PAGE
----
When the book was published in 1984 by Columbia University Press and East European Monographs it was generally well received in the United States, although there was of course not a particularly wide readership. Albania was still a little country isolated in the Balkans about which only the very few had any knowledge. Indeed, apart from reading about everything I could find, my first-hand knowledge of Albania did not come until the summer of 1989, when I was able to take an eight-day tourist trip organized by Regent tours in London. It was a time of profound change in Europe in which Albania was just beginning to participate. I had anticipated a country and people artificially removed from many of the great political, economic and social movements of the post-war period and that is certainly what I found. But I found much more as well. I arrived in the late evening from Budapest and I must admit that my first impressions were mixed. We flew through the narrow air corridor that the regime had established and one noticed immediately the lack of lights. I was reminded of flying from west to East Germany before the wall came down – even at night one knew exactly where the border was by the sudden disappearance of lights. Upon landing at what is now Mother Teresa airport, young, rough, self-important armed security agents boarded the plane to take our documents. The eight of us who had arrived where then ushered into the terminal – in what seemed like a simple two story house. Following lengthy immigration and customs formalities, we were driven to the Hotel Tirana, with its commanding view of Skanderbeg Square, and served an overly abundant meal. While the food throughout the trip was always good – there was always far too much of it. I attributed this to both natural hospitality and the need to demonstrate that Albanians wanted for nothing under the Alia regime.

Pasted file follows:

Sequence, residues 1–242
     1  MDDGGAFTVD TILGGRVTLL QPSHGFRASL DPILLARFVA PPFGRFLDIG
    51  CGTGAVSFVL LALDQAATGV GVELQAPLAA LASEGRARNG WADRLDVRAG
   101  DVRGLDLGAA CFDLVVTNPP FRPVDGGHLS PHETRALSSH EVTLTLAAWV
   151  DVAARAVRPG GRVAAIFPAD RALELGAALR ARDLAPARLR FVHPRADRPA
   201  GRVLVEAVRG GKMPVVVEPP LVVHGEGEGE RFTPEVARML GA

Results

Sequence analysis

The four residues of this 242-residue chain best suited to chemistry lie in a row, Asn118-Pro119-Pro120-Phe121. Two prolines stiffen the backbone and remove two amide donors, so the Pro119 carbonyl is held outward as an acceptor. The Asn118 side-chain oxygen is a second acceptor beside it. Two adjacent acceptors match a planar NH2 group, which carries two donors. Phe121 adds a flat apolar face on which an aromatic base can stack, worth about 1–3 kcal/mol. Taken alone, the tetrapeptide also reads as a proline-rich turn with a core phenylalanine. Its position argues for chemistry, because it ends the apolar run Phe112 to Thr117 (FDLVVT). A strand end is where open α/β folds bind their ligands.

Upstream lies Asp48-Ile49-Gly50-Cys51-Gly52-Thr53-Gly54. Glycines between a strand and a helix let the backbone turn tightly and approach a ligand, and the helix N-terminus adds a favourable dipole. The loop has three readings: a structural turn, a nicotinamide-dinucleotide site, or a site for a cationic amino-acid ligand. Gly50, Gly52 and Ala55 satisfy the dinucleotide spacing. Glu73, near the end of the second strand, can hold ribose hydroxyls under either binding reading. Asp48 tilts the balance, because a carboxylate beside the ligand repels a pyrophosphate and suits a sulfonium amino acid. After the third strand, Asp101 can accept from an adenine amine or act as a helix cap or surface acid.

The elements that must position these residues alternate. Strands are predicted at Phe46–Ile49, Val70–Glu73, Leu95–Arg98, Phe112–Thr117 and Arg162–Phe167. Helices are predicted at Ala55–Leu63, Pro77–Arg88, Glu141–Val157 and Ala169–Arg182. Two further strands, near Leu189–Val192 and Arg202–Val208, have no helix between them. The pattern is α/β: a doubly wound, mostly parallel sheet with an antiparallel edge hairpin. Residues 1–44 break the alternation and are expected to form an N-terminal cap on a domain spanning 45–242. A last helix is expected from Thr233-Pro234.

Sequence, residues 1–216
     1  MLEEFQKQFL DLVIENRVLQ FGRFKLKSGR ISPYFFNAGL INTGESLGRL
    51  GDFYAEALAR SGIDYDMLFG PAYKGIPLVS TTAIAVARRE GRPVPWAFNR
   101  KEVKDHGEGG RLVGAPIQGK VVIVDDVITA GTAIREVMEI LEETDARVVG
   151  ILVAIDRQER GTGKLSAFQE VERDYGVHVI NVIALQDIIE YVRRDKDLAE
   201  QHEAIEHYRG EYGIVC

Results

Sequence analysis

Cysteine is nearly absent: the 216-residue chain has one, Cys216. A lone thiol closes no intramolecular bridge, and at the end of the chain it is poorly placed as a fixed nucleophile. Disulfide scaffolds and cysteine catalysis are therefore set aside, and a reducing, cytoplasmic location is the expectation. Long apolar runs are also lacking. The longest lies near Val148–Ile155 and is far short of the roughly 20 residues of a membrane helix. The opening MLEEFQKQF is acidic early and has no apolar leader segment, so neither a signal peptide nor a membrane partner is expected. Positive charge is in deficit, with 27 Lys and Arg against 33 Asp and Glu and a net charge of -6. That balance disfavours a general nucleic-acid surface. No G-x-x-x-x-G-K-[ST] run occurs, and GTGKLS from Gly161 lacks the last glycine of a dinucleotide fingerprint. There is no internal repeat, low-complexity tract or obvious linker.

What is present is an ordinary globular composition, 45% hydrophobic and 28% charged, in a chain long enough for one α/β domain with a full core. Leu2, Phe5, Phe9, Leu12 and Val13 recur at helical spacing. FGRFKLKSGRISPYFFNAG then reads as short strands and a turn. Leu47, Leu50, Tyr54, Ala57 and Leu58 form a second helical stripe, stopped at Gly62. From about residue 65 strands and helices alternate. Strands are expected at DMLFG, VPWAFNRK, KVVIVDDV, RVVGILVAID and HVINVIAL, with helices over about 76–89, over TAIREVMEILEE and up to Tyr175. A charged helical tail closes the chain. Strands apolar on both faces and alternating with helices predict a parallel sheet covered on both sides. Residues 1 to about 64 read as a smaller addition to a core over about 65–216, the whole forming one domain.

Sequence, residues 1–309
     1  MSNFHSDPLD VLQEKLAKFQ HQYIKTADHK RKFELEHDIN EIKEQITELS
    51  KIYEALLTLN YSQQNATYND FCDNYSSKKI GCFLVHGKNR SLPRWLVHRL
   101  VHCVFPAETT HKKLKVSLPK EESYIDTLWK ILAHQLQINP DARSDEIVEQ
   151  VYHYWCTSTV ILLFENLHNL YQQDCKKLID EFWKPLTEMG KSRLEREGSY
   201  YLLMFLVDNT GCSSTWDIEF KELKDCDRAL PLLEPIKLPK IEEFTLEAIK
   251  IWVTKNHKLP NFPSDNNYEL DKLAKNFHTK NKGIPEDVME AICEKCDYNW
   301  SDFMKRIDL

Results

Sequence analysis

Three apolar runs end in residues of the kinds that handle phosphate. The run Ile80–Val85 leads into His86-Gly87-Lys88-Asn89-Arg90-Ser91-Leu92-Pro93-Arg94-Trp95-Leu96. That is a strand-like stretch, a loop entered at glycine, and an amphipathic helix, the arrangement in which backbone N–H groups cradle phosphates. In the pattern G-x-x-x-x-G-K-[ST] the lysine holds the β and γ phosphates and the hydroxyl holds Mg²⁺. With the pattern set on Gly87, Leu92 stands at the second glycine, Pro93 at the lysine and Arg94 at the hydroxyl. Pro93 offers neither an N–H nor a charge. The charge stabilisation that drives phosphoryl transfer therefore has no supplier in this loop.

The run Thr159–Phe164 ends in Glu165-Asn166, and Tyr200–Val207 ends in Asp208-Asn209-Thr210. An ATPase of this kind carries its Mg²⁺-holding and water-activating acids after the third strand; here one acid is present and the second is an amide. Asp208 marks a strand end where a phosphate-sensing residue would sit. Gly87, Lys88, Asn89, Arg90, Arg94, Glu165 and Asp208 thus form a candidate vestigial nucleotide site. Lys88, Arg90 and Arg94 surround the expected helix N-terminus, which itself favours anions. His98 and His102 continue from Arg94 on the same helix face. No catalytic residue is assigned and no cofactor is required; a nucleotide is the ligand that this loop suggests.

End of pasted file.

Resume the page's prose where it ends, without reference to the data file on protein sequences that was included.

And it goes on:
But the next morning before I was afforded my real introduction to Albania in the 1980s, I walked the streets of Tirana, enchanted by the wonderful mix of interwar villas, Italian institutional architecture, and command socialist ostentation. Some of this is now gone, replaced by high rise apartments and office complexes, the inevitable blight of modernization. One hopes that where possible the authorities will at least slow the architectural transformation, saving buildings from Albania’s various historical epochs. In my mind, Hoxha’s pyramid is one those buildings that should be preserved, as are at least some of the bunkers which are iconic. Apart from the charm of the architecture, I of course noticed the slower pace and the relative quiet, there were few vehicles with transportation limited mainly to bicycles and carts. While there was a certain hesitation to talk to a foreigner, there were some who were evidently overwhelmed by a curiosity about the outside world. Through them I was confirmed in my impression of Albanians as a warm and friendly people. In the next days I had the pleasure of seeing the countryside, some of Albania’s heritage towns and archeological wonders, as well as some of the country’s astounding natural beauty. While there was of course evident security – my minibus driver was often saluted by policemen in the street and there were many off-limit areas – this hardly detracted from my appreciation for all the wonders that I saw and the Albanians I was able to meet.
The wonderful people and beautiful country re-energized my interest in Albania and encouraged me to deepen my studies. With the collapse of communism my visits increased in frequency, and I marveled at the rapid transformation of society and Albania’s efforts to establish democracy. These subsequent visits also allowing me to establish real contacts with some of Albanians academics, independent intellectuals, and journalists. These contacts further broadened my perspective and resulted in the release of the Albanian version of King Zog and the Struggle for Stability in Albania. I was literally overwhelmed by the positive response. It was personally very gratifying to learn that the Albanian public considered the book to be worthwhile, and I am also very pleased that the book is still considered an important contribution to the historiography of the period. This is certainly all that someone in my profession can ask – to make a contribution. I welcome this reprinting of the 1984 English edition, flaws and all, and I sincerely hope that others will as well.

Tirana Times
By Tirana Times January 13, 2020 11:36